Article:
Monday, March 23, 2009

Artist's Statement, super heroes & environmentalism

I use the super hero image to speak about coming to terms with a changing role in society.  In our padded culture we are encouraged to stay in a perpetual state of adolescence.  A good example of this is our attachment to super hero imagery.  People flock to summer blockbusters about silver-age super heroes as if they'd discovered the fountain of youth, as possessed by an urge to reclaim a long-departed sense of wonder with the world.  While the notion that we are somehow linked to a subversive puer eternis is a buoyant and charming thought, especially when put into context with the bleak visions of post-apocalyptic, technological wastelands perpetuated by our many entertainment outlets, our eagerness to escape into fantasies of yore speaks volumes about how we perceive personal responsibility.  In The Hero with a Thousand Faces, Jospeh Campbell wrote, "the infantile fantasies which we all cherish still in the unconscious play continually into myth, fairy tale, and the teachings of the church, as symbols of indestructible being.  This is helpful, for the mind feels at home with the images, and seems to be remembering something already known.  But the circumstance is obstructive too, for the feelings come to rest in the symbols and resist passionately every effort to go beyond."  We have created massive channels of entertainment and distraction to forget how sad or unhealthy we are, to deny the negative impact of our way of life, to shelf the premonitions for one more day of the veritable desert which our insatiable appetite really does threaten to create.  Our habits of excessive consumption in this country and the systems of oppression and denial that we instigate in order to sustain this way of life are hastening our end, an end that no 6' 2" man in a cape can save us from.  The triumvirate of comic books, movies, and television, which keeps the super hero alive, cares not whether we achieve the same heroism the stories describe.  The stories thrive on canned ideals, dreams and sentiment, recycled for thousands of years.  They exist not to inspire, but to keep us asleep.  In the name of entertainment, we trade reality for an interpretation of reality.  To alleviate our uncertainty, we starve ourselves of experience.  So that we have security for tomorrow, we eclipse all opportunity for growth.  In short, we suppress our suffering, but also our joy.  If we are ever to wake up, emerge from adolescence, divest ourselves from our harmful ways to claim footing in the world, we must first realize that there are no heroes, that each of us is powerful beyond imagining, that we are responsible for that power, and that at this point in human history, the greatest gift we bear is the ability to change.   (1.31.09)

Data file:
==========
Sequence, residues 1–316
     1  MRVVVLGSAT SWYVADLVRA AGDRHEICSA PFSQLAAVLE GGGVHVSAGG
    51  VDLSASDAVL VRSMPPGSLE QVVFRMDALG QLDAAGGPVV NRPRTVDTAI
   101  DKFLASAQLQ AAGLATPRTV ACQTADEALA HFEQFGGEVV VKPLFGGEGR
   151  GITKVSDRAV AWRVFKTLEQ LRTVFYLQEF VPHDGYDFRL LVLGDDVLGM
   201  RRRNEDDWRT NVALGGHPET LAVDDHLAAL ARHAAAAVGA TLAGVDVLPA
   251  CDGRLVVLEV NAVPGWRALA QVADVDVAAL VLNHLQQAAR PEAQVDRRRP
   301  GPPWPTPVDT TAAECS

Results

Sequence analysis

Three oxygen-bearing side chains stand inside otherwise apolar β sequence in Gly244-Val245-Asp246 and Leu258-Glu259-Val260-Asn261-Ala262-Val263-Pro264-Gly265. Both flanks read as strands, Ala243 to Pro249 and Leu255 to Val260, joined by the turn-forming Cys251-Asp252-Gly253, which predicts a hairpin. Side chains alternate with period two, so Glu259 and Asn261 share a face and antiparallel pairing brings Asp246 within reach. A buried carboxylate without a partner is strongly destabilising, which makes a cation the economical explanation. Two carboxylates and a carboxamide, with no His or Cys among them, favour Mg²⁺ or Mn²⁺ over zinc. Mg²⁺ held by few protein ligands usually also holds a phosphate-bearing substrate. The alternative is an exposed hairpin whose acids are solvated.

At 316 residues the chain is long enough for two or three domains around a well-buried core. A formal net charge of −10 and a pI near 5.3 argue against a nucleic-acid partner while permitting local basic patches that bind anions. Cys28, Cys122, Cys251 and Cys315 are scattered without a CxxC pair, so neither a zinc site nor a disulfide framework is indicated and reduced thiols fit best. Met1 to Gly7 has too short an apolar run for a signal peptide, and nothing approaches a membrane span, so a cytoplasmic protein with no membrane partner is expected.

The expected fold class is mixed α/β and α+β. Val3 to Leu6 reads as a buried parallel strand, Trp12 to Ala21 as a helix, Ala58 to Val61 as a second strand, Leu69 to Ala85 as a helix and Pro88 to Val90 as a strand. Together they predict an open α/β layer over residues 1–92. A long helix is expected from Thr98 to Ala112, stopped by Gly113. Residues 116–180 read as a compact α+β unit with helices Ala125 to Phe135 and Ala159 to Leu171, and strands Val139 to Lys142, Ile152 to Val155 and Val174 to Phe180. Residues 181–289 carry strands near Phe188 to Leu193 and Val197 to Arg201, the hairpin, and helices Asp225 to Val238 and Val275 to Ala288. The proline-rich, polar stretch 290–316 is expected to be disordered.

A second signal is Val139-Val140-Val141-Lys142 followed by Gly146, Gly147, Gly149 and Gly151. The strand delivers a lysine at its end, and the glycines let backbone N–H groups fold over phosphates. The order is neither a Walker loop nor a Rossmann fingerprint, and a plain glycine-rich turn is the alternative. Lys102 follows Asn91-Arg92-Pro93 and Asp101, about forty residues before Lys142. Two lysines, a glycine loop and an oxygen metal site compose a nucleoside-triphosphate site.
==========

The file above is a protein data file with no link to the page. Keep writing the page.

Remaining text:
1 comment:

  1. This is great. Is it a reworking of your college statement or have you completely gone a new route? It's been awhile so I don't remember much of the old one but I remember the Cambell references from before.